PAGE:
total amount lent in the Bangladeshi countryside since the 1980s.

Gendered credit

Proponents of Grameen-style microlending argue that even despite
their flaws these programs benefit and even "empower" women. But
in a study recently published in World Development, Anne Marie
Goetz and Rina Sen Gupta found that while women are getting the
loans from Grameen Bank and similar organizations, a "significant
portion" of those loans are directly invested by male relatives
(although women bear the liability for repayment), and in only
37% of the cases had women retained full or significant control
over the businesses that were in their names. In comparison, 22%
of those they surveyed didn't know how their husbands, sons,
fathers or brothers had used the loan and had not even been
involved in "their" enterprises. At Grameen, daughters of women
borrowers are not eligible for a loan because the bank has a
policy against making two loans to a family, even though a
borrower can take out additional loans for her son's business. So
much for the "empowerment" of women.

Instead of empowering women, it looks more like Grameen is using
them as collection agents. As a Bangladeshi government field
worker explained to Goetz and Gupta: "We are much better at
getting our loan money back now that we are using women as
middle-men [sic]." Even the western development literature is
guilty of painting women as the sole moral and financial
guardians of the family. Grameen's high repayment rate is
commonly explained by saying that men gamble the money away while
women are more responsible, trustworthy, and concerned about the
family. These explanations rarely note the pressure that poor,
illiterate women must feel from Grameen's highly educated,
primarily male staff, nor do they examine what leads men to
behave so irresponsibly, if this is indeed the case. Under the
banner of liberation, Grameen ironically reinforces women's
traditional roles; while capitalizing household activities, women
are kept out of waged work - which, whatever its limitations, can
offer women some degree of independence. As Goetz and Gupta put
it, using women as "conduits for credit for the family" keeps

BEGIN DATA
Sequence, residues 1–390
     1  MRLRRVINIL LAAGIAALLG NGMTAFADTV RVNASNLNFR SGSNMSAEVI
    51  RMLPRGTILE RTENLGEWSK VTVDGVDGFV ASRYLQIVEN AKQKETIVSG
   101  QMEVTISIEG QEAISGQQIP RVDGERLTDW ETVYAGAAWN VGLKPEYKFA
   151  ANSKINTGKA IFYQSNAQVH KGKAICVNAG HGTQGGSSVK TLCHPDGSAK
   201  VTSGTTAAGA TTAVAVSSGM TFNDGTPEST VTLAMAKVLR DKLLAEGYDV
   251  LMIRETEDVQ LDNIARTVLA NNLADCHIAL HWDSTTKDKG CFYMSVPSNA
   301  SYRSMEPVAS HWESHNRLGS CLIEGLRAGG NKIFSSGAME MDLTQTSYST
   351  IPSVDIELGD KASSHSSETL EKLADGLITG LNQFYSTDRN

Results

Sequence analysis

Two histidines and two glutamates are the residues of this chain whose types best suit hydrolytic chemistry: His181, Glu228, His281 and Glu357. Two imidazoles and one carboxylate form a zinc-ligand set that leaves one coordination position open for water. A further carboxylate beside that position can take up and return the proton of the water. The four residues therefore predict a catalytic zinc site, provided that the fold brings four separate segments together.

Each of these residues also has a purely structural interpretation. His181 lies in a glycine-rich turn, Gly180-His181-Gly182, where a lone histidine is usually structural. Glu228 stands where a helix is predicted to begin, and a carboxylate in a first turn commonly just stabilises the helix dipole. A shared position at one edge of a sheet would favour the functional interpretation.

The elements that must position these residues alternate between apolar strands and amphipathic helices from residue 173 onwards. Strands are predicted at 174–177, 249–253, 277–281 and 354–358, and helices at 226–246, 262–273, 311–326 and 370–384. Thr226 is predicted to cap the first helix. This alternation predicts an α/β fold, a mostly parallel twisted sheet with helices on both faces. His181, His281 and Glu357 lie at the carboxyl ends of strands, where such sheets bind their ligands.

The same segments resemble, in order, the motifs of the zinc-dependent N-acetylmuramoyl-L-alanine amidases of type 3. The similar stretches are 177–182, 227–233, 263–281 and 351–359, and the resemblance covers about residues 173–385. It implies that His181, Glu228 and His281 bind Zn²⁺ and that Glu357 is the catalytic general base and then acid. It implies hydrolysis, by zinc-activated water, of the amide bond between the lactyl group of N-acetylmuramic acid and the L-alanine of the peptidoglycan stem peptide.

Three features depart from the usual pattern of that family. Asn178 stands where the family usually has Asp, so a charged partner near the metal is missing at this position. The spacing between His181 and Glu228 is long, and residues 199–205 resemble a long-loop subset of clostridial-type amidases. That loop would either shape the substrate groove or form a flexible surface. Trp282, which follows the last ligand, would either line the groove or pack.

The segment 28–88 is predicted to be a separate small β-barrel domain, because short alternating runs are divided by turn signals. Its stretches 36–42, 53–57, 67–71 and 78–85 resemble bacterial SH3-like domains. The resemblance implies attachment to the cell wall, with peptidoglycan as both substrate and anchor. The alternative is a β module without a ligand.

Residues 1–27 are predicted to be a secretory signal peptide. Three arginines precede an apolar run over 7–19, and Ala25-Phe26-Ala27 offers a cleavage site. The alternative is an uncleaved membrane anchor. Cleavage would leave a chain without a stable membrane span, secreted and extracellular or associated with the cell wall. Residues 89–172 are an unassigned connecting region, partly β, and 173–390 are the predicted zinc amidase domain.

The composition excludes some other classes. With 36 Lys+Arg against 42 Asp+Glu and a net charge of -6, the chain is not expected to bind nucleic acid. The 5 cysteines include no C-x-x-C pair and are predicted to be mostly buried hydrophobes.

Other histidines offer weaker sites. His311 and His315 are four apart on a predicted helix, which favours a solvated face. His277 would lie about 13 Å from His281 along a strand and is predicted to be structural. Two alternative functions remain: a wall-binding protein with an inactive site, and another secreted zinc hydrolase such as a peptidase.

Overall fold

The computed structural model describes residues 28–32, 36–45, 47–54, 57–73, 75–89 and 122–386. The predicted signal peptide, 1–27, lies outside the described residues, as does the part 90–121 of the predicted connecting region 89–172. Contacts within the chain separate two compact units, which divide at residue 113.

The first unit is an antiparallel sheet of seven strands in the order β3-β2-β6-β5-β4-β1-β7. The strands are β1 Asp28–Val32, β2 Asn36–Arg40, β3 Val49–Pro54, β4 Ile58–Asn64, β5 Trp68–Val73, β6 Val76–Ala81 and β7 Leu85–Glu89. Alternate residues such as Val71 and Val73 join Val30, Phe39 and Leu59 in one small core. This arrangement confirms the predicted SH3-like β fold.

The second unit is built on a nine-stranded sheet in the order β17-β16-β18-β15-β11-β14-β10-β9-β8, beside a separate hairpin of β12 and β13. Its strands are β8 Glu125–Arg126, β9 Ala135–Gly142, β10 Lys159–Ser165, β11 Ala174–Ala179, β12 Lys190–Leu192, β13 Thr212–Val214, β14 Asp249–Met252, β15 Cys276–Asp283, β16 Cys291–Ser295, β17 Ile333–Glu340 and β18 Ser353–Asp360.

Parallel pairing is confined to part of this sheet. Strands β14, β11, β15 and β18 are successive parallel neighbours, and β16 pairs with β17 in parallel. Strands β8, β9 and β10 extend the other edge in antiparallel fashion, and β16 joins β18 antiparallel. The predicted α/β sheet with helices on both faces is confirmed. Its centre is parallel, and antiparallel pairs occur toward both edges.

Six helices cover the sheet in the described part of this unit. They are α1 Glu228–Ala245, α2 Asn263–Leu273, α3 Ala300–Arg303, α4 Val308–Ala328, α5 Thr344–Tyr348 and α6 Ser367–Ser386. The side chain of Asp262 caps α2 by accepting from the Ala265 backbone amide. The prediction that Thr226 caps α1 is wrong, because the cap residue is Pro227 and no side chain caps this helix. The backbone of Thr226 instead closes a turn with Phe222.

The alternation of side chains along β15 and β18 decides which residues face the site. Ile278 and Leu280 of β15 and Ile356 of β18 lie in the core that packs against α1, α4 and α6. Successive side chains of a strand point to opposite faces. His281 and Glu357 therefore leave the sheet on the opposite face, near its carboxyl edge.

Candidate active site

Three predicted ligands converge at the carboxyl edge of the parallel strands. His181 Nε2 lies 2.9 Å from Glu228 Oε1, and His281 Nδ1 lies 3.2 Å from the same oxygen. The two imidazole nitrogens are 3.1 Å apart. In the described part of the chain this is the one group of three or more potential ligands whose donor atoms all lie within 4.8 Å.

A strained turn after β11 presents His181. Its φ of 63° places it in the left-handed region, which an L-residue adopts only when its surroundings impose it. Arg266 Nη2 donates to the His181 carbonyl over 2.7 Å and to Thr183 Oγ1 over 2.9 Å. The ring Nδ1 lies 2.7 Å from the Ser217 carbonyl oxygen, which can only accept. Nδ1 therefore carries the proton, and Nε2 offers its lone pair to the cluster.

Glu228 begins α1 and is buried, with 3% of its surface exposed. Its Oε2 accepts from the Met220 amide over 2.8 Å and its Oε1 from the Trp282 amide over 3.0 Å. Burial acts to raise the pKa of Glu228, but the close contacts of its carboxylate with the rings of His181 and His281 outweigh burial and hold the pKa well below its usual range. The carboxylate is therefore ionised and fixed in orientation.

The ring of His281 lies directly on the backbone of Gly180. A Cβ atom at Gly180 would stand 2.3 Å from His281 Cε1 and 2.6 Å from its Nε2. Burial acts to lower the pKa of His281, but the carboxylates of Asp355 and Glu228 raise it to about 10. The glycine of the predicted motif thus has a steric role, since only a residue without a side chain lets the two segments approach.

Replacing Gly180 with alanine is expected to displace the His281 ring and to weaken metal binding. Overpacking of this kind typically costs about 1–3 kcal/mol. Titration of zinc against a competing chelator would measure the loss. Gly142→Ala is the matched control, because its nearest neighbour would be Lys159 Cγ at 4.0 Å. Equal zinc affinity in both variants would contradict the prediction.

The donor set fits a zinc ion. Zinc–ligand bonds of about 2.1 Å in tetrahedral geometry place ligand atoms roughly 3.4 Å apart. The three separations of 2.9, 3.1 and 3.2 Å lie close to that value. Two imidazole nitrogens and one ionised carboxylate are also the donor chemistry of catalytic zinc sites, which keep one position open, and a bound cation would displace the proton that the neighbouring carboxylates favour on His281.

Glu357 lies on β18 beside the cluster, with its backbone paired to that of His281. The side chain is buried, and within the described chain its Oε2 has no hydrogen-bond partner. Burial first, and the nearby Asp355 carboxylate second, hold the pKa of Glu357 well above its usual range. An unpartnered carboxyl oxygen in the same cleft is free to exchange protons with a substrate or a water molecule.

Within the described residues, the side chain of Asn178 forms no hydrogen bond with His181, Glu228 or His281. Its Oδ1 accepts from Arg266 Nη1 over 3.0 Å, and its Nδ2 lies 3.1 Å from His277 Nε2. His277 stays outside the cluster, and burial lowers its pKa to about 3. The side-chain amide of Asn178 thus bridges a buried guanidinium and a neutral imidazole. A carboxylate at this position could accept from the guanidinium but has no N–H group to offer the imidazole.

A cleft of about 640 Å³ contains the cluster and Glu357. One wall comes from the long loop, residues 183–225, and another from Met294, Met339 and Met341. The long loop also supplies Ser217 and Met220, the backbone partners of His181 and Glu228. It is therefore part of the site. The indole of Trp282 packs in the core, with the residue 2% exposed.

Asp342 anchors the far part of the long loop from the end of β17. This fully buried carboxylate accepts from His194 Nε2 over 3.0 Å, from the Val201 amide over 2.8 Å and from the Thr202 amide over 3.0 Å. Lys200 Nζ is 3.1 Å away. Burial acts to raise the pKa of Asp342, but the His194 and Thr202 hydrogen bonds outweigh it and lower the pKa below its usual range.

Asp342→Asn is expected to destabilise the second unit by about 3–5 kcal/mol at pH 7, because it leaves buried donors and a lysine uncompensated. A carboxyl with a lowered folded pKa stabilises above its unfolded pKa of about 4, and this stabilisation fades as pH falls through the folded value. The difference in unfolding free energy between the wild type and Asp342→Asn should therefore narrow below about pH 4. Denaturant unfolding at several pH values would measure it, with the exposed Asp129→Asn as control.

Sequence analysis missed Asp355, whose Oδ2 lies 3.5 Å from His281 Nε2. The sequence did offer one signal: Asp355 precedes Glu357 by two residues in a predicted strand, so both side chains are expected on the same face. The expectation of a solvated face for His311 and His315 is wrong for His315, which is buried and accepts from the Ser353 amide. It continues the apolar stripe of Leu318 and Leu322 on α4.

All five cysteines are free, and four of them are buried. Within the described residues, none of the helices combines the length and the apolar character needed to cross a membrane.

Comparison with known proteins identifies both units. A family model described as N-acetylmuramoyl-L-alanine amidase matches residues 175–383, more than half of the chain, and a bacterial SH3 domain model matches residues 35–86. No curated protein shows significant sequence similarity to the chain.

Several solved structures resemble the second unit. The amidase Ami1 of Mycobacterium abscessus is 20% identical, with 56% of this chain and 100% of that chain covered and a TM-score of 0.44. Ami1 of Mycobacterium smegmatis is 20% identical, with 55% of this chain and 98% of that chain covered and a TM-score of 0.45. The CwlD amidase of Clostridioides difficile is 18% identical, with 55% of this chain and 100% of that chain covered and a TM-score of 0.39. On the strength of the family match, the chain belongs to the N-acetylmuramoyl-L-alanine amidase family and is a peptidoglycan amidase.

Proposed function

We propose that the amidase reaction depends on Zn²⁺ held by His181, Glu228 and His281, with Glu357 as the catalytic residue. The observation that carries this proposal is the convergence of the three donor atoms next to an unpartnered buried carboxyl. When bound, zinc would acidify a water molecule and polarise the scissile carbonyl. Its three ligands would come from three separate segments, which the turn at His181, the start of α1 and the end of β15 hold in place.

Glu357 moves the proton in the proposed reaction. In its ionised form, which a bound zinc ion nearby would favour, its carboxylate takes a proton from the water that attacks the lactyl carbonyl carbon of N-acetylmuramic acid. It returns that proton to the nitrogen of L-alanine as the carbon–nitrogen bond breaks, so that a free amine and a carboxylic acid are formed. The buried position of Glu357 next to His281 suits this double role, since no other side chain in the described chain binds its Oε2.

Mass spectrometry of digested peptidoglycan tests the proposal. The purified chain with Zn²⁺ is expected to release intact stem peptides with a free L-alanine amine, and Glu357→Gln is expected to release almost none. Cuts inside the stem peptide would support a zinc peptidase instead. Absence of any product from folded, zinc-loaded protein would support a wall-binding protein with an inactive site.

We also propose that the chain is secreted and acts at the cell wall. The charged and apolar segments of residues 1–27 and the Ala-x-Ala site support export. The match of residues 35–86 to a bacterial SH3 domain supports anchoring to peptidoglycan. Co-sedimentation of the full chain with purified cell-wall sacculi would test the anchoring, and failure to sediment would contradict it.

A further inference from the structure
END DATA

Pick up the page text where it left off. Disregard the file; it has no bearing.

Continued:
women as the "policers of recalcitrant men," dubious progress in
gender relations.

Several outside studies of Grameen confirm that the control women
have over their microloans decreases over time - just the
opposite effect one would expect from programs meant to promote
women as entrepreneurs. Grameen encourages women to borrow for
livestock and agricultural purposes - in Bangladesh, traditional
women's work. Grameen's social interventions have less to do with
empowering women than with making them good repeat borrowers. At
every meeting women rather cultishly recite the "16 decisions"
that they must adhere to in order to be Grameen borrowers
including, "We shall reduce our expenses to a minimum" and "If we
learn that discipline is not respected . . . we go along to help
and restore order."

Grameen might be better at generating media attention, but their
services seem Spartan compared to those of the other microcredit
programs in southeast Asia. Grameen, believing women are able to
provide for themselves all other inputs necessary to be effective
entrepreneurs, provides only credit. On the other hand, India's
Self-Employed Women's Association, a union for poor women, offers
credit as one of a range of services, along with political
organizing, training, business skills, leadership skills,
mediation, lobbying and project assistance. The Bangladesh Rural
Action Committee provides education for the daughters of
borrowers as well as health services. But the Grameen model of
banking on the poor is strictly quantifiable - "repayment rates,"
"cost effectiveness" (i.e., how much it costs rich creditors and
donors) and "viability." Without the cumbersome delivery of the
other services that the poor need, Grameen gets to champion the
free-market system and all its goodness.

Yunus has announced that Grameen is working with the government
to replace the nationalized health care system with a sort of
poor person's HMO on a "cost recovery" basis. Of course, in the
experimental programs, Grameen borrowers were rewarded for
borrowing money with lower premiums for health coverage. This
fits with the World Bank's recommendation that Grameen develop
new markets and products for poor people. If adopted by the
Bangladeshi government, the Grameen-run HMOs would create a
two-tiered health care system - with families in hock to Grameen
getting cheaper care.

Grameen-style lending elsewhere in the Third World, promoted by
the World Bank, isn't scoring any great successes. In Zimbabwe,
Patrick Bond pointed out in an article in African Agenda, loans
to peasants had a default rate of 80%. Bond quoted Ugandan
economist Dani Nabudere as saying that the notion that the rural
poor need credit to improve their lives "has to be repudiated for
what it is - a big lie!" But the rhetorical appeal of self-help
obfuscates the failures of group lending to do anything for the
African poor.

Import model